Rather than framing the walls and building the hip roof on top of the structure, Steve elected to frame the roof on the ground. It’s a trade-off, because while it’s easier to frame the roof on the ground, it can be challenging to get the roof in place afterward. This method is only possible when the crew is careful to keep the subfloor, walls, and roof perfectly square. Otherwise, the structure will be skewed and the roof will be misaligned.
As Steve mentioned in the video, he began cutting the rafters while the other crew members worked on the walls. This roof features a 7:12 pitch, and Steve used a roofing square (speed square) to mark accurate angles.
The toughest rafters to cut are hip rafters, because they butt against two adjacent common rafters.
In this picture, the hip rafters are the ones with lines marked across their width. The other three rafters are common rafters. All hip and common rafters meet at the ridge rafter.
All the rafters have a notch called a birdsmouth seat that allows the rafter to sit flat against the top plate.
Steve’s crew began building the top plate around the perimeter of the shed, and they marked the locations of the rafters. In order to make this top plate the proper size, they laid it out over the foundation floor.
The crew setup a temporary support for the ridge rafter, and started by securing the six common rafters.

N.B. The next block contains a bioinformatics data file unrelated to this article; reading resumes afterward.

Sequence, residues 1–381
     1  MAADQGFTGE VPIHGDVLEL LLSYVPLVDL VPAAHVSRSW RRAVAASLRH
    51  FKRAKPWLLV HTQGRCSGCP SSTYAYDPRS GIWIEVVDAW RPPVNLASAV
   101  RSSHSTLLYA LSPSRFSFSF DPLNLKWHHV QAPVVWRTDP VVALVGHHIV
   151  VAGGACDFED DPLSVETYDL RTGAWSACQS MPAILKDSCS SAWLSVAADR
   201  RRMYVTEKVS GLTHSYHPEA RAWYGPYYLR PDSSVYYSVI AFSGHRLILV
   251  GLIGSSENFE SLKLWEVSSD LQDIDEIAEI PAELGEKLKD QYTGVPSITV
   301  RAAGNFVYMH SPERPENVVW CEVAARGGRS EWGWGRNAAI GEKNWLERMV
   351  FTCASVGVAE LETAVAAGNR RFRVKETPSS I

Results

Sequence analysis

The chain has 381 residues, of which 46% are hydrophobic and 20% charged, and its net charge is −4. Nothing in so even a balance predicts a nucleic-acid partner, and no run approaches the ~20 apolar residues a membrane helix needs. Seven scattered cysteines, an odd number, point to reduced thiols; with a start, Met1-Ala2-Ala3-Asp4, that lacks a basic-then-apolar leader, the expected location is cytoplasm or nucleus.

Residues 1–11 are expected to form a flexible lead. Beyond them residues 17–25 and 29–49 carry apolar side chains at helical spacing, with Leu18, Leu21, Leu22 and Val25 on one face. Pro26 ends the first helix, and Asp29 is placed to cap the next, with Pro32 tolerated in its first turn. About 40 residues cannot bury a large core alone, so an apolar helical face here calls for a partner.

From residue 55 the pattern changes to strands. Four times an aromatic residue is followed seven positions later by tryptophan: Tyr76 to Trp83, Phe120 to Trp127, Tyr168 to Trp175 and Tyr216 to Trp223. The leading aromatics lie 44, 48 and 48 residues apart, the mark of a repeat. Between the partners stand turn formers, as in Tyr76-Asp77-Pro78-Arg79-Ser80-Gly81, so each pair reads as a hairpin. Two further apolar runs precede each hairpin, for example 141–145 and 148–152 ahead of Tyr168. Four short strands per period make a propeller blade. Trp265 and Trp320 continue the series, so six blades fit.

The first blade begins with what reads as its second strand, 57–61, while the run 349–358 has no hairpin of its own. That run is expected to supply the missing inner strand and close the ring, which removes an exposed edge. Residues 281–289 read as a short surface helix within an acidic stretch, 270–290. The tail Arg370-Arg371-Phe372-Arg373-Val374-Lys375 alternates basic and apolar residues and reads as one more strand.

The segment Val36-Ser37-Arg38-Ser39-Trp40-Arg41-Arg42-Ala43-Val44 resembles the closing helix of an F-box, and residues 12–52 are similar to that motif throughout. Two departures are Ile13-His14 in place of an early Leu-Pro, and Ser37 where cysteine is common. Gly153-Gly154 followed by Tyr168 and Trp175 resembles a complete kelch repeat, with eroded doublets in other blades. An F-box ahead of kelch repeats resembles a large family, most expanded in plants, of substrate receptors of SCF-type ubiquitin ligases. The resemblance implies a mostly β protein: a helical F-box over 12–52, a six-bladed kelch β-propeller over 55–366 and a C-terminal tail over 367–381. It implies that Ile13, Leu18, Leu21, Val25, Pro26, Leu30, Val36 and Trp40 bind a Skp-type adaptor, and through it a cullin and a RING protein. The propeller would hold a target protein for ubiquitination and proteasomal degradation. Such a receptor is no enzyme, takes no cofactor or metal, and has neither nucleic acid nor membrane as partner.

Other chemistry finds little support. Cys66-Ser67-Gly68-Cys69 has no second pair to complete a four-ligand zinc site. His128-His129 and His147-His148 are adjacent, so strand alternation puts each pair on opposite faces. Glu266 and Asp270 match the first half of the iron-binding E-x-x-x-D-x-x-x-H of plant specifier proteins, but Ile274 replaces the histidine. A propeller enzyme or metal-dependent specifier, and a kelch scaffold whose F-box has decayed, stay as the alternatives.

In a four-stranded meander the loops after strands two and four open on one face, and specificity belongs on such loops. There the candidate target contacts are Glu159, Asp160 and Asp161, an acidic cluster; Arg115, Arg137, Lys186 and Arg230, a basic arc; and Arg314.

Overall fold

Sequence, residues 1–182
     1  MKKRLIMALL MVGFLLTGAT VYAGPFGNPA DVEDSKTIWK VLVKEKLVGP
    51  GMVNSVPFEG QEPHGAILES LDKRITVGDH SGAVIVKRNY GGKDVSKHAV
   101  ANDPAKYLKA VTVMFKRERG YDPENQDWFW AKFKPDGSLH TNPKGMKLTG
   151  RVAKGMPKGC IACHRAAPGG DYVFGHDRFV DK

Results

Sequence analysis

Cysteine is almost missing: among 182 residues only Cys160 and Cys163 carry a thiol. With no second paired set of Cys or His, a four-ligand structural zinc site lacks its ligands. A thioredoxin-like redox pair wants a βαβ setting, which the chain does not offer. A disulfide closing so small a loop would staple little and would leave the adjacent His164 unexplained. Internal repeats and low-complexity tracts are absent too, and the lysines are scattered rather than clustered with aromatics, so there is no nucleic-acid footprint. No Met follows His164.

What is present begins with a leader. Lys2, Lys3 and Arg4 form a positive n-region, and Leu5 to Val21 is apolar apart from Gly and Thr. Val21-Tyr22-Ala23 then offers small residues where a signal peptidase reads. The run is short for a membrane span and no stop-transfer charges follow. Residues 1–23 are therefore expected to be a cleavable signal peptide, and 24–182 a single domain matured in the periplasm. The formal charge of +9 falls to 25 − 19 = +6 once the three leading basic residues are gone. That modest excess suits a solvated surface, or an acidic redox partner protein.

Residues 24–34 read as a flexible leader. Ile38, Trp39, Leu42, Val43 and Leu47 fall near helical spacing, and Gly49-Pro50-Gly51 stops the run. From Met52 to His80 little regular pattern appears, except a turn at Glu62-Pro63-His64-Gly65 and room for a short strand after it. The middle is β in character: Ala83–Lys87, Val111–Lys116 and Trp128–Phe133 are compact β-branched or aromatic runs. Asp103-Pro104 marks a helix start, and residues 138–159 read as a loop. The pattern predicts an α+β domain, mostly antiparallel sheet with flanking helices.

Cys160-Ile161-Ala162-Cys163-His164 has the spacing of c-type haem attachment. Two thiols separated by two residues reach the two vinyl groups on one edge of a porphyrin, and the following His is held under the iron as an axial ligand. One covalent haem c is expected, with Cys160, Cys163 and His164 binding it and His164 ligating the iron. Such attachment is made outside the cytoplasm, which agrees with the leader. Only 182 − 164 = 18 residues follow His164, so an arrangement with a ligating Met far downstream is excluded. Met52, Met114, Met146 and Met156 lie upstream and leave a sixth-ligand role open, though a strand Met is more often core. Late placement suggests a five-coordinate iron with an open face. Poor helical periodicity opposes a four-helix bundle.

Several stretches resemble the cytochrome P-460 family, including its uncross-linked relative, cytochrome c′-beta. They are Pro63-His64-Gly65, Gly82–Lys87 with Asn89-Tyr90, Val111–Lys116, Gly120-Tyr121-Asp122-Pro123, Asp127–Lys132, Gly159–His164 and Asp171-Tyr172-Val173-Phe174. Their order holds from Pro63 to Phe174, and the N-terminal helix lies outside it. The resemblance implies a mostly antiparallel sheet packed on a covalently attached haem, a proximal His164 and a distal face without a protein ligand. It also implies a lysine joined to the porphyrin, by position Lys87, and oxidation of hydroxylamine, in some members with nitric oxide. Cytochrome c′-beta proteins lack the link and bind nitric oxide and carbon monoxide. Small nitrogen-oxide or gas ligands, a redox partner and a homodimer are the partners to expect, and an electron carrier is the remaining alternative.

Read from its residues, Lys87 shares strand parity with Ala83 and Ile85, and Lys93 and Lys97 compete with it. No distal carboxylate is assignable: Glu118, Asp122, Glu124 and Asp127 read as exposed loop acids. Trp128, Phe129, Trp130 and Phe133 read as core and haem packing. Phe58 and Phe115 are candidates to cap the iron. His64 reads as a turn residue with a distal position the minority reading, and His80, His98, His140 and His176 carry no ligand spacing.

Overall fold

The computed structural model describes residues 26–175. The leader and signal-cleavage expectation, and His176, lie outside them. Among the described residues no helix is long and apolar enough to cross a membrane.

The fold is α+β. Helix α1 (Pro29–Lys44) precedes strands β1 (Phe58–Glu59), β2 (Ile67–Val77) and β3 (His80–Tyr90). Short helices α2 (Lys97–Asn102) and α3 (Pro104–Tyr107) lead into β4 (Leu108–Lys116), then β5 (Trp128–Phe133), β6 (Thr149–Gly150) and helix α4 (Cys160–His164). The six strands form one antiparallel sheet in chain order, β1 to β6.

They space the rafters 24″ o.c, which provides sufficient support for the roof.
This is a closeup of the birdsmouth. The small spacer accounts for the gap required to accommodate the siding. You can also see the 6″ overhang, and that they cut the tail end of the rafter for the soffits.
Next, the crew moved on to the hip rafters. You can see how the birdsmouth sits at the corner of the roof.
Lastly, they installed eight creeper rafters.
The final step for the hip roof was to attach the fascia board to the ends of the rafters. The crew ripped the edge to match the slope of the roof.
Here’s what the framed hip roof looked like before the crew slid it on top of the walls. You can also see they added a couple of collar ties that span between the common rafters to prevent the roof from shifting while it’s being moved.
Step 8: Raise the Walls
Now that the roof is ready to go, the crew needs to raise the walls. Since they had already framed the walls and attached the plywood siding, it is an easy task to set the walls in place, check for level, and nail them to the floor.
After getting this first wall setup, the crew nails a temporary support to the floor and wall, keeping it level while they continued with the other walls.
Here’s a great picture showing how the plywood siding overlaps the band board. It will also overlap the top-plate when the roof is moved into place.
You can see how including the (optional) third king stud provides a nailing surface in the corner. This is usually done for the benefit of drywall; however, Steve includes the extra stud to make it easier for the homeowner to build shelves.